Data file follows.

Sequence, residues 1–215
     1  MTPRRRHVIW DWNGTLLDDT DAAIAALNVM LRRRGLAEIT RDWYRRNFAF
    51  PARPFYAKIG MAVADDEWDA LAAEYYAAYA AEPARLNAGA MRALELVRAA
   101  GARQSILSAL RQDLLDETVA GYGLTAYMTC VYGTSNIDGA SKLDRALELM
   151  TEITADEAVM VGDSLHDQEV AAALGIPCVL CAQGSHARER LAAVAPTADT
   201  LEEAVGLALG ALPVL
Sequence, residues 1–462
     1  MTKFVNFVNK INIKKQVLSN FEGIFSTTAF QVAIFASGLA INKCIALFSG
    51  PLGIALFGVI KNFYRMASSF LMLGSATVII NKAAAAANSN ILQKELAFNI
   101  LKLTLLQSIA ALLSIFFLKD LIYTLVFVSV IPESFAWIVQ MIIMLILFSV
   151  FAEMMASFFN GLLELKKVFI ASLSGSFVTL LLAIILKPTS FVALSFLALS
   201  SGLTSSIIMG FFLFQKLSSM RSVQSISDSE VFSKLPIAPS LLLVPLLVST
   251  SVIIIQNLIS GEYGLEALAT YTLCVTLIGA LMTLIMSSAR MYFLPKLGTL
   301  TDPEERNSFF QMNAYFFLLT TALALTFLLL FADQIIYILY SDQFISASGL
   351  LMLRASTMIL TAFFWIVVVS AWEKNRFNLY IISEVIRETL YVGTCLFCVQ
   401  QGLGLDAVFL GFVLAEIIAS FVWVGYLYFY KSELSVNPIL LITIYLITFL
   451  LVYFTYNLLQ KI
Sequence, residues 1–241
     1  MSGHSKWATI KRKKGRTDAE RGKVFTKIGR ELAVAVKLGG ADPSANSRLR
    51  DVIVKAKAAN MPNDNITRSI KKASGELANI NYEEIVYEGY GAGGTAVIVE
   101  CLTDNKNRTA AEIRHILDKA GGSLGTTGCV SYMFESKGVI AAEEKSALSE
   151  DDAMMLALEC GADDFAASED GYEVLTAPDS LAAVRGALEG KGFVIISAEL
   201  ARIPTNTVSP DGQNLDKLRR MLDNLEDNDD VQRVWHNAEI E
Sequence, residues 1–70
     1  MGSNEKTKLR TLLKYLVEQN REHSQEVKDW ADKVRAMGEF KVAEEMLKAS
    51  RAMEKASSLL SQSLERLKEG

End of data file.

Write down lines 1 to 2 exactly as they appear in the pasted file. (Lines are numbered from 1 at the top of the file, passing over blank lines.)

Sequence, residues 1–215
     1  MTPRRRHVIW DWNGTLLDDT DAAIAALNVM LRRRGLAEIT RDWYRRNFAF